How To Build A Landscape Timber Retaining Wall Properly

Building a retaining wall of timbers that will last is not difficult provided you know a few key tips!

Choosing the right timbers for the application is important. A small wall holding back the dirt in planting beds up to 2 1/2 feet high could be constructed with 3 x 5 inch timbers. I would go with 6 x 6 inch timbers for anything taller.

You'll need timbers, spikes (large nails to hold the wall together) and 2-3 foot rebar sections (to hold the first course in the ground). While most articles include gravel and perforated schedule 40 pipe for drainage, I've built many walls that lasted for years with the only drainage being holes drilled through the wall near the ground. Tools required include a small sledgehammer, saw, and drill.

Now the most important tip: To prevent collapse of the wall you must plan for timbers every few feet and staggered, that are turned perpendicular to the wall so that only the small 6 x 6" end shows while the bulk of the timber shoves back into the hillside (you'll need to dig out for them). It's the leverage of the dirt pressing on these "deadmen" timbers that keep the wall standing rather than falling over eventually. They may not need to be full length timbers, I generally go with slightly over half length. If you look at a well built wall and study the pattern, you'll notice these little squares- the tips of the deadmen- every few feet.

The first step is to dig out the ground and install the first course. By setting it beneath the surface it prevents the wall from kicking out. If you want it to sit on gravel, now is the time to spread the gravel, digging even deeper to accommodate it. After setting the timber, drill it in the center every few feet and pound rebar in the holes with the sledgehammer until flush. The rebar will stick in the ground, more insurance against kickout. From there it's a simple matter of stacking the timbers, staggering them as you go so the seams don't line up. Typically this is done by cutting a timber in half to begin every other course. So start course 2 with a cut piece, course 3 with a full piece. Connect each course to the course below with the spikes. Be sure to nail in the deadmen pieces as well or they won't be tied in to the wall. When you get to course 2 to 4 you can run your schedule 40 drainage pipe behind the wall. It can exit around the end or you can cut a hole for it. If you're skipping the gravel & pipe, now is a good time to drill some holes near the ground for drainage.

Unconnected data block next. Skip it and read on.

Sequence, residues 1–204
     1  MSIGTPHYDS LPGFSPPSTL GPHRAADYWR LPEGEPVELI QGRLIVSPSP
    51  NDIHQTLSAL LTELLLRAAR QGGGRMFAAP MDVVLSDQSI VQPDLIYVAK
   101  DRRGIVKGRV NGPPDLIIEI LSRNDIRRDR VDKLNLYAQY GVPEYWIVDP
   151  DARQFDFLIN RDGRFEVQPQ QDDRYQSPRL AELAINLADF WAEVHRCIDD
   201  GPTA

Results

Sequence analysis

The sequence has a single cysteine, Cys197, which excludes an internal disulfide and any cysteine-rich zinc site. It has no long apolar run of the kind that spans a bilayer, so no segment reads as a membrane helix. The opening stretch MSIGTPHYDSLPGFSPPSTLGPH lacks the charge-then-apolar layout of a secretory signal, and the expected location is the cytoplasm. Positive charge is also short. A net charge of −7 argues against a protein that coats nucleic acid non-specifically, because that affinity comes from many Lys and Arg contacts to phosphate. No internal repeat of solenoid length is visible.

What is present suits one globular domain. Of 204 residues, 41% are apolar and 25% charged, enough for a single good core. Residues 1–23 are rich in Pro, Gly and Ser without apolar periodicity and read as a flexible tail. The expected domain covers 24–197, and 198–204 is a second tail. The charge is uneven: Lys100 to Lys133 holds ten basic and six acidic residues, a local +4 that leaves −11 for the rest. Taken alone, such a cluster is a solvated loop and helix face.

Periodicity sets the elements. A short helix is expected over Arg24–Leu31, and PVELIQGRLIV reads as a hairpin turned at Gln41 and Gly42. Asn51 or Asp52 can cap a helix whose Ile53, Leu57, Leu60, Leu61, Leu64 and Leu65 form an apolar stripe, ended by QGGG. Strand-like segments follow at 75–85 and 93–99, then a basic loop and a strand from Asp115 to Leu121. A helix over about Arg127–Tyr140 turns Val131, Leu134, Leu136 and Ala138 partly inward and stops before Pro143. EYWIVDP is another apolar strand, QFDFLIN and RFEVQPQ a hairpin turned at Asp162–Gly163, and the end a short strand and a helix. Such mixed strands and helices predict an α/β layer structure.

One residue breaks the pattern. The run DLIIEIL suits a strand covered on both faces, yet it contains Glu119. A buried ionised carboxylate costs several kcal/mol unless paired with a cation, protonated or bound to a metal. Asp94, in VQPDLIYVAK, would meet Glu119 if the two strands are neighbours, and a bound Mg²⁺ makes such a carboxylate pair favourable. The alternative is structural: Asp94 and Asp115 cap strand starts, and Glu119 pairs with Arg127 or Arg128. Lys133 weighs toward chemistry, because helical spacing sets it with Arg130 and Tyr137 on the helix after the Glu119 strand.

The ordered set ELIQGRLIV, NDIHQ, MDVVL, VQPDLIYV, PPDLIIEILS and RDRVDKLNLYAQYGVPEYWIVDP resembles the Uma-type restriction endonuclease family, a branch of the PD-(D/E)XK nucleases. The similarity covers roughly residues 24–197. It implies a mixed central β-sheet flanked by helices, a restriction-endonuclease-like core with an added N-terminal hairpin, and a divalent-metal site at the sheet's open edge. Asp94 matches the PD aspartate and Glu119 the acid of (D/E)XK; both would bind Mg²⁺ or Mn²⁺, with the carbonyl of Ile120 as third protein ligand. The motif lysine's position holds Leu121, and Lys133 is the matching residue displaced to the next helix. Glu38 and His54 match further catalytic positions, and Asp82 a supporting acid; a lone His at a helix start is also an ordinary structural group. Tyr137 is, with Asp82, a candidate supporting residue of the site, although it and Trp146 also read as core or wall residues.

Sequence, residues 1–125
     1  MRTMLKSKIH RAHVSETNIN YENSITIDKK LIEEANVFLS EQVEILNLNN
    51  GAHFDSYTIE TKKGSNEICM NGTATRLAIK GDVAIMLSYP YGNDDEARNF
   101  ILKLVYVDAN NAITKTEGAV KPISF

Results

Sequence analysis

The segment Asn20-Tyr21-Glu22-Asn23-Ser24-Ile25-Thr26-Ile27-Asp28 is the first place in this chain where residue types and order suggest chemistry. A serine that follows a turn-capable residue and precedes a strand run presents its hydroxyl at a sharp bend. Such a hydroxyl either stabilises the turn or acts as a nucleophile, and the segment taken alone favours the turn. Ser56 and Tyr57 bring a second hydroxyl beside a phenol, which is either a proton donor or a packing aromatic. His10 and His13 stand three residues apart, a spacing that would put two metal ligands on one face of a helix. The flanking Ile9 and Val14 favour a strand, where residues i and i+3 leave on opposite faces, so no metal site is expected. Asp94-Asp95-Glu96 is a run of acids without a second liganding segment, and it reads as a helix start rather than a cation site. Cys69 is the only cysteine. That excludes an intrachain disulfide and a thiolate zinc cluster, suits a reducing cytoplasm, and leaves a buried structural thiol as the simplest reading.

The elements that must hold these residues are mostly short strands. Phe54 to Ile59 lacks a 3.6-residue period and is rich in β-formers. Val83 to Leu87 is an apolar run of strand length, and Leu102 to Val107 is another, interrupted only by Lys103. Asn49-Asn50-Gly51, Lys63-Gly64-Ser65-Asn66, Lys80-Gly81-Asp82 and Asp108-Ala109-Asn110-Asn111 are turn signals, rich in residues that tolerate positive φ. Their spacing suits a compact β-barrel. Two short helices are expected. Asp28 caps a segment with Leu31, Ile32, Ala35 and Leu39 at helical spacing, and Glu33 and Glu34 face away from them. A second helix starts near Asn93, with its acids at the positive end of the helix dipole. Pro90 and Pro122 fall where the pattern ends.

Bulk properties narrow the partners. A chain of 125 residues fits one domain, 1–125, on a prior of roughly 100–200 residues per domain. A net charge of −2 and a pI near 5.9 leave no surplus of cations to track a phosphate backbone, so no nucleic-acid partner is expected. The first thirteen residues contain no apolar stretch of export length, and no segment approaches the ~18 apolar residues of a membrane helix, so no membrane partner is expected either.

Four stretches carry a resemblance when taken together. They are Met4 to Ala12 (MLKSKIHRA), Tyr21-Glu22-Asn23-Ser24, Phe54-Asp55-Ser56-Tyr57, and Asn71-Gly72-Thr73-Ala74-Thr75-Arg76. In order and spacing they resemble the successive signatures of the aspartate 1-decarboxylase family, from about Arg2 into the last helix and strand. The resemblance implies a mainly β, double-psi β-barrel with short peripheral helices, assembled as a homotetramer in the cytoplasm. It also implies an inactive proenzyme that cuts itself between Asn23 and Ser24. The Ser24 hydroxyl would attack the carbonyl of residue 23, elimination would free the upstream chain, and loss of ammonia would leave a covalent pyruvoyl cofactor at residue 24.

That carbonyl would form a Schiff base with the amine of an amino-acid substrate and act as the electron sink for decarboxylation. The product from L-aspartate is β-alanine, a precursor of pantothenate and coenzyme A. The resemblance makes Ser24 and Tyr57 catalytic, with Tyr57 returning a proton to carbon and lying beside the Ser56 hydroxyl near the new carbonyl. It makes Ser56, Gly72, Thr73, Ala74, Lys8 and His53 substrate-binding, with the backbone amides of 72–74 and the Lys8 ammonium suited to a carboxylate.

Basically that's all there is to it, it's a wall made of timbers tied together with spikes that includes rebar on the bottom course and deadmen ties to prevent kickout/fallover. If you like, chamfer the end pieces of the top course slightly for a more finished look.